Eventually the sinking, rain-cooled air accumulates enough near the surface to force the gust front to take on a bow shape. The bow shape is crucial for causing the gust front to accelerate forward. At this point of a derecho's evolution, it will contain a narrow band of heavy rain along with severe wind gusts at the front edge of the storm. Knowing that warm, moist air out ahead of the gust front is vital to the storm's evolution, a derecho will begin to dissipate in strength as it loses access to warm, moist air.

Another notable characteristic of derechos is that they will most often occur during summer -- May, June, and July -- across the central U.S. These months will typically favor more widespread heat and humidity for a derecho to form. Likewise, the Northern Plains and the Corn Belt have seen a few derechos this summer. Starting on May 12, a cluster of storms strengthened in eastern Nebraska that eventually formed into a derecho. This derecho headed northeast, hitting portions of eastern South Dakota, northwest Iowa, and Minnesota. Numerous wind gust reports along the derecho's path ranged from 50 to 70 mph, but there were more rare instances of even higher wind gusts. For example, the Madison, Minnesota, airport reported a gust up to 94 mph. While winds were certainly an issue with this storm, hail and tornadoes were also reported. One fortunate aspect of this derecho included that the crops were either just emerging or in the process of being planted at the time that the storm hit. In a way, the late planting season helped farmers in these areas dodge a bullet. (See story about it at…).

A month later, multiple clusters of storms formed across portions of the Great Lakes and Ohio River Valley later in the day on June 13 with storms persisting through early June 14. One of these clusters of storms survived long enough and had wind gust reports exceeding 58 mph to evolve and be classified as a derecho. While wind gust reports were more sporadic with this derecho as compared to the May 12 instance, there were multiple reports of wind damage to building structures and trees.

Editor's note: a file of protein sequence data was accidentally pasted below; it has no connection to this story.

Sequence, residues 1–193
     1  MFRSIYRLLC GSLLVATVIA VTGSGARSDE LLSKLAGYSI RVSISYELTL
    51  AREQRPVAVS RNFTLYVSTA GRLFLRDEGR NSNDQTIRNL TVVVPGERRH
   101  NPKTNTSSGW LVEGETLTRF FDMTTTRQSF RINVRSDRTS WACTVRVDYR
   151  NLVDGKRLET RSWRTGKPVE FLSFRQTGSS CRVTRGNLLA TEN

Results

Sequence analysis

One of the highest gusts reported with this early June derecho was near Fort Wayne, Indiana, where the international airport reported a gust up to 98 mph. However, looking at the timing of this derecho, much of the corn and soybean crop were already emerged and in the early stage of vegetative growth. So even while the corn and soybeans were mostly emerged in these areas during the passage of this derecho, being in the early part of the vegetative stage was key. These plants were still fairly flexible at this point as compared to later points in the vegetative stage when plants are preparing to head into the reproductive stage. Again, this derecho tore through at a more convenient time for crop producers to avoid significant and widespread crop damage.